Buy a home timeline from The Lawhead Team.
Planning to buy a home next year? Check out our helpful step by step timeline for preparing yourself to buy a home.
Ideally, you should start preparing a year in advance to buy a home. It takes time to arrange our financing and get our credit squared away. Follow our steps in order to get yourself ready to buy.
- Pull your credit reports. Errors on your reports can force you to pay a higher interest rate on your mortgage or even torpedo your chances of getting a loan. You can get free copies of your reports from the three major credit bureaus — Equifax, Experian and TransUnion — at AnnualCreditReport.com. Look for accounts that aren’t yours, collection accounts for debts you don’t owe and negative marks (other than bankruptcy) that are older than seven years.
- Work on improving your credit scores before planning to buy a home. Your credit scores, which are three-digit numbers used to gauge your creditworthiness, help determine the rates and terms you can get for a loan. There are hundreds of different credit-scoring formulas, but the one used by the vast majority of mortgage lenders is the FICO.
- You may want to consider a credit monitoring service for the year leading up to buying your home. With the risk of identity theft and the importance of your credit and credit scores when you buy a home, an early warning if a collector tried to post a bogus post may be beneficial.
- Focus on lowering your debt. The debt which affects most home buyers is debt associated with credit card balances and pay day loans. These are signs you are living beyond your means. Owning a home involves plenty of big costs so if you don’t get your overspending problem fixed now, it will only get worse when you own a home.
- Start saving. Eliminate spending money you don’t need to. Stop eating out as much, drop your cable/TV subscription and use that money you would have spent to put in a savings account.
- Stay on top of your bills. One 30 day late payment can knock your credit score down 100 points. If you don’t have a reliable bill-paying system consider using automatic debits so payments come directly from your checking account.
- Now that you have your finances organized and are building good credit, it is time to sort through your mortgage options to buy a home. Many people have lost their homes today because they didn’t understand what kind of mortgage they had or the accepted bad advice when looking at various mortgages. If you want to be safe, stick with a fixed rate mortgage.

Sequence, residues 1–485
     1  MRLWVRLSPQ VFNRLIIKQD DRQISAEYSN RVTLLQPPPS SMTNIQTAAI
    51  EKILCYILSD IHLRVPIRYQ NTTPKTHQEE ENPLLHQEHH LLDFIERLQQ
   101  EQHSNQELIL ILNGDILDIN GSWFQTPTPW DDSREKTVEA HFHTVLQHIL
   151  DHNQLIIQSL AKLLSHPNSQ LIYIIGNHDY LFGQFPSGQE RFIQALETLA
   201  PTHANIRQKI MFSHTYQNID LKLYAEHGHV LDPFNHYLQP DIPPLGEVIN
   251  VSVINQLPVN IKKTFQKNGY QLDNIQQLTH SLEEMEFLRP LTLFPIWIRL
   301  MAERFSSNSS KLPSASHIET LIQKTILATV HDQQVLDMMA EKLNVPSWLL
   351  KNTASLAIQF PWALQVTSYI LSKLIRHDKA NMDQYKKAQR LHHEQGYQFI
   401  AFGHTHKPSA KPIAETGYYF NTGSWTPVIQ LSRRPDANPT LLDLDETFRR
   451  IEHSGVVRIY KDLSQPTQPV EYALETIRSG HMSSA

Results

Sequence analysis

- Plan out all the costs of owning a home. On top of your mortgage, you’ll have property taxes and insurance on the home. Check to see if there is a homeowners or condo association fee as well. Also, make sure to include the utility bills and make sure you have a bit saved away for emergency repair costs. Ask The Lawhead Team to help fill you in on what to expect when owning a home.
- During the last couple months before you actively put offers in on homes and until the mortgage process is complete, don’t open or close any new accounts. Avoid any actions which could potentially harm your credit such as getting new credit cards or closing old ones.
- Shop around for mortgage rates, but be careful. Every time you give a lender permission to check your credit, a “hard inquiry” appears on your credit report, and that can ding your score a bit. Fortunately, the FICO scoring formula lumps all mortgage-related inquiries made within a specified period when you are looking to buy a home and counts them as one. You want to do your serious mortgage shopping in a fairly concentrated period of time, typically after your offer on the home you want is accepted.
- Get pre-approved for a mortgage. Pre-approval, in which a lender gives a commitment to make you a loan, is different and more valuable to sellers than pre-qualification, which merely gives you an idea of the size of the mortgage you might afford without making any commitments. You don’t have to get a loan from the lender that offers you a pre-approval letter. Getting a pre-approval does involve giving permission for a hard credit inquiry, but the small potential ding on your credit is worth it because you’ll be in a stronger position with sellers.
- Now it’s time to begin researching and looking for your home. Attend open houses and ask The Lawhead Team to help with all your home-finding needs.